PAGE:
water tap faucet water crisis shortage restrictions

Image credit: Pexel/Steve Johnson

Gauteng water shortage update: residents urged to use water sparingly

Gauteng residents were informed that the reservoir levels are currently deficient.

water tap faucet water crisis shortage restrictions

Image credit: Pexel/Steve Johnson

Gauteng has been in the grips of a water shortage crisis after several sewage plants collapsed. A spokesperson for the government said it would take days to get the facilities up and running again. Due to the collapse, Rand Water was forced to draw more water than the sanitation license permits, as reported by the Sunday Times.

Water Security Plan for the Gauteng City Region Report highlighted that residents in Gauteng use around 300 litres of water each day. With a population that grows by 300,000 a year, that only spells disaster.

Rand Water released a statement on 11 December to inform members in Diepsloot that their reservoir level is very low, and that the outlet will be closed in an attempt to save water.

According to their daily water update, water supply across the City of Johannesburg would remain at optimal levels. However, the Rabie Ridge water tower is empty. Rand Water also connected the Eikenhof supply to the Kibler Park transformer, which means the facility would run on 200 megalitres less than its daily allowance.

While the Roodepoort reservoir was on 82% earlier today thanks to an extra 100 megalitres diverted to the facility, residents are urged to use water sparingly as the pumps won’t remain on indefinitely.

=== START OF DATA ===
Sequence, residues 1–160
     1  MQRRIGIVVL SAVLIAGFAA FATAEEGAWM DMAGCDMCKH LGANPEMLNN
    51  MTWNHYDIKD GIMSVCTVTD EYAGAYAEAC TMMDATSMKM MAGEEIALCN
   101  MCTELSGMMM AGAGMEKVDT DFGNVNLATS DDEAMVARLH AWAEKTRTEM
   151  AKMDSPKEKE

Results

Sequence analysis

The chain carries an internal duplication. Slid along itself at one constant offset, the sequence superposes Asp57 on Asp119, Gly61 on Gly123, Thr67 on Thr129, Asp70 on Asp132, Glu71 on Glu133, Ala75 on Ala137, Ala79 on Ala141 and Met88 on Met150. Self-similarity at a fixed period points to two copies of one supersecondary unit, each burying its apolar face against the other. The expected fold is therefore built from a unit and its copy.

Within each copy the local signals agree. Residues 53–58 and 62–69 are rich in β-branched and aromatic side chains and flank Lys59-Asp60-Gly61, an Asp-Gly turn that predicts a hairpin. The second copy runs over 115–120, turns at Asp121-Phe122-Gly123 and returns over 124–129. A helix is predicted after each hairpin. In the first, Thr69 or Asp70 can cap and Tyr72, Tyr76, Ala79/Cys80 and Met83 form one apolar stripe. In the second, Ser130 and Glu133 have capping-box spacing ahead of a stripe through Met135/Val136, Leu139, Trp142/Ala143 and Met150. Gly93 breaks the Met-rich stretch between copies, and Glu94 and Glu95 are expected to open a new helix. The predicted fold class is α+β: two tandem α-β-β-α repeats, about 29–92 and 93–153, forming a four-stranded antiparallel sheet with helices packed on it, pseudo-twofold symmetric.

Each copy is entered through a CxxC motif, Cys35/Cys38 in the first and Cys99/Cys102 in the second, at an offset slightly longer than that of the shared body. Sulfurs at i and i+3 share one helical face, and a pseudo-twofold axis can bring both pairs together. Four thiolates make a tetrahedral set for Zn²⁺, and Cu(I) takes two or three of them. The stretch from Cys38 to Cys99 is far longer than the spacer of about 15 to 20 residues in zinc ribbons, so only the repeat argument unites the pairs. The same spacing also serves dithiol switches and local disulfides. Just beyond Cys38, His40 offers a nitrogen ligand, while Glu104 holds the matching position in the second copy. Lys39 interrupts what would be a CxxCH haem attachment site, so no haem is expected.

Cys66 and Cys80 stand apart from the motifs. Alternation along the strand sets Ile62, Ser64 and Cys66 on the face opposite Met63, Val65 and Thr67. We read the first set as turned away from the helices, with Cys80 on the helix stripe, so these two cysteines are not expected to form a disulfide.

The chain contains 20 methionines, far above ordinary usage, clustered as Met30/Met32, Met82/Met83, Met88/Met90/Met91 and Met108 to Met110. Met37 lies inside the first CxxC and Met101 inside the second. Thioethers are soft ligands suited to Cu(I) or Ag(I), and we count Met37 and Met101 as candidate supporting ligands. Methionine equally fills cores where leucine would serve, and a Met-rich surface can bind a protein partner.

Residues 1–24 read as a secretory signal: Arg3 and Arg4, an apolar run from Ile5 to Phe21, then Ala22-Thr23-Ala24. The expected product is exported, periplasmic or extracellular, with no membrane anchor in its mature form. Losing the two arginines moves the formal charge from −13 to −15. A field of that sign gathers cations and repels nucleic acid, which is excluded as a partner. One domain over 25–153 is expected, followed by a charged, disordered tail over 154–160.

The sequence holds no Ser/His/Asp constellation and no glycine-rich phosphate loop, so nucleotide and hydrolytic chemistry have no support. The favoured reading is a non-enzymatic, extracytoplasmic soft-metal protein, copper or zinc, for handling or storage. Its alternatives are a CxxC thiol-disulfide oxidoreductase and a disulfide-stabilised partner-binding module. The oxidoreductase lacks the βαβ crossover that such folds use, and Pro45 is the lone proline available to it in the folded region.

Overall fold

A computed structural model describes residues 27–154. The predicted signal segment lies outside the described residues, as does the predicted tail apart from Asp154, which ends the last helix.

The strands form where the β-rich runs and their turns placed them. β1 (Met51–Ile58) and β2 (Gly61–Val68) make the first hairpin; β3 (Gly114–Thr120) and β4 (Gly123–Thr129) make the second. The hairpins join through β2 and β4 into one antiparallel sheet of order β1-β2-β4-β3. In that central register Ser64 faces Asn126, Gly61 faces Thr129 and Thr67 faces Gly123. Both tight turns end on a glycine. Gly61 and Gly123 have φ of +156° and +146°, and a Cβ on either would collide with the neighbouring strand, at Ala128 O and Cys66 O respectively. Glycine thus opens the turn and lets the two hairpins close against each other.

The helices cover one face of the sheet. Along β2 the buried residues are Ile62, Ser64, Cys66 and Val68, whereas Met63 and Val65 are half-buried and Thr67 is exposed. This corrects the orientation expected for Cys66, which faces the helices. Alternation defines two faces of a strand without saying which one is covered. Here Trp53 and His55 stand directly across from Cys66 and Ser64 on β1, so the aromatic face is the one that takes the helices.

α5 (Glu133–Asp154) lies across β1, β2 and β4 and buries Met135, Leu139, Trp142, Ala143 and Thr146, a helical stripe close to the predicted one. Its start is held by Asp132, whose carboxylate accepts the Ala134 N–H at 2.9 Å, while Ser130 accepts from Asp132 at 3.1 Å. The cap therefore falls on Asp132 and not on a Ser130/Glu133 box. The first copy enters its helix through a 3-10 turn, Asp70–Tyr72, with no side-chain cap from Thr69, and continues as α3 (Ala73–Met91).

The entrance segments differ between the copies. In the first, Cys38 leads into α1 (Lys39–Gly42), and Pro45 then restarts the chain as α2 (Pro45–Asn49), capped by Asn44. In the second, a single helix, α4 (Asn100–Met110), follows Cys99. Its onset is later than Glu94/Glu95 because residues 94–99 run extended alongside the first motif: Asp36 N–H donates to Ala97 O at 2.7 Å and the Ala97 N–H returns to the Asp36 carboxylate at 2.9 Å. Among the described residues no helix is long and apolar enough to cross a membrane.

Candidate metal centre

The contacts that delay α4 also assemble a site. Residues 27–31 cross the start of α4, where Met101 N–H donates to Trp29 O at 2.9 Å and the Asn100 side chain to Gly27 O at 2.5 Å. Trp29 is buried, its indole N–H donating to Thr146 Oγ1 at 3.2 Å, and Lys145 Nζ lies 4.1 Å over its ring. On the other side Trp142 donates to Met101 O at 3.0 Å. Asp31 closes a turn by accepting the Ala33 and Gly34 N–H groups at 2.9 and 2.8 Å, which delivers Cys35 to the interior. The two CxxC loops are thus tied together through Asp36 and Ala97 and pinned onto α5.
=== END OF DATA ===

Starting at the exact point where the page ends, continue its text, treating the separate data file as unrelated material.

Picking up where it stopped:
It is said that the third world war will be fought over water. Not far-fetched, NASA’s satellite data revealed three years ago that 21 of the world’s 37 large aquifers are “severely water-stressed.” 

Read also: Cape water crisis: How to shower with a 3l bucket of water on your head

How can you conserve water?

Close taps while brushing teeth or showering

Turn off the tap while brushing your teeth. Only opening and closing the faucet to rinse could save up to 6 litres of water per minute. A shower can use up to 45 litres of water per minute so the quicker, the better. Only open the taps before soaping and again to rinse.

Use less and reuse

Either divert shower and laundry water to the garden outlet or collect shower water in a bucket to either wash clothes or flush the toilet. If your cistern has a new-ish flushing mechanism, ask your plumber to set it so that the cistern doesn’t fill up all the way. Alternatively, put a displacement device – or even just a brick – in the cistern to reduce the amount of water used to fill it up.

Repair leaks

Leaking taps and toilets can waste between 15 and 60 litres of water per day. While that doesn’t sound like much, rather be frugal with the water supply than having no water supply.

Read also: Water shortages in Cape Town are here to stay. What the city can learn from others